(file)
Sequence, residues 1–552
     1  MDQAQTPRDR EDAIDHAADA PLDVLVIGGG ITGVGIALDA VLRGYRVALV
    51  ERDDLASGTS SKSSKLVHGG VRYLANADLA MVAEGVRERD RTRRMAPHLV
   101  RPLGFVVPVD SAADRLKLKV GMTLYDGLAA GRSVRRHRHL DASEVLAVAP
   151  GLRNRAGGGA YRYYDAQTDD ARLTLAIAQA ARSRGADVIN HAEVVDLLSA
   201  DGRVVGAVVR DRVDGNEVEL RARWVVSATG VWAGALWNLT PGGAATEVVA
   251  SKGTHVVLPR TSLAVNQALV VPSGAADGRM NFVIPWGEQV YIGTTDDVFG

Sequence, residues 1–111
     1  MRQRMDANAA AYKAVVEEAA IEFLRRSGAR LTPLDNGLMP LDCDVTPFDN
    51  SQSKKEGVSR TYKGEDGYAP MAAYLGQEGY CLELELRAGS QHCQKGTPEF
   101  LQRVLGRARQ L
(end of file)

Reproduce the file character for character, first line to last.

Sequence, residues 1–552
     1  MDQAQTPRDR EDAIDHAADA PLDVLVIGGG ITGVGIALDA VLRGYRVALV
    51  ERDDLASGTS SKSSKLVHGG VRYLANADLA MVAEGVRERD RTRRMAPHLV
   101  RPLGFVVPVD SAADRLKLKV GMTLYDGLAA GRSVRRHRHL DASEVLAVAP
   151  GLRNRAGGGA YRYYDAQTDD ARLTLAIAQA ARSRGADVIN HAEVVDLLSA
   201  DGRVVGAVVR DRVDGNEVEL RARWVVSATG VWAGALWNLT PGGAATEVVA
   251  SKGTHVVLPR TSLAVNQALV VPSGAADGRM NFVIPWGEQV YIGTTDDVFG

Sequence, residues 1–111
     1  MRQRMDANAA AYKAVVEEAA IEFLRRSGAR LTPLDNGLMP LDCDVTPFDN
    51  SQSKKEGVSR TYKGEDGYAP MAAYLGQEGY CLELELRAGS QHCQKGTPEF
   101  LQRVLGRARQ L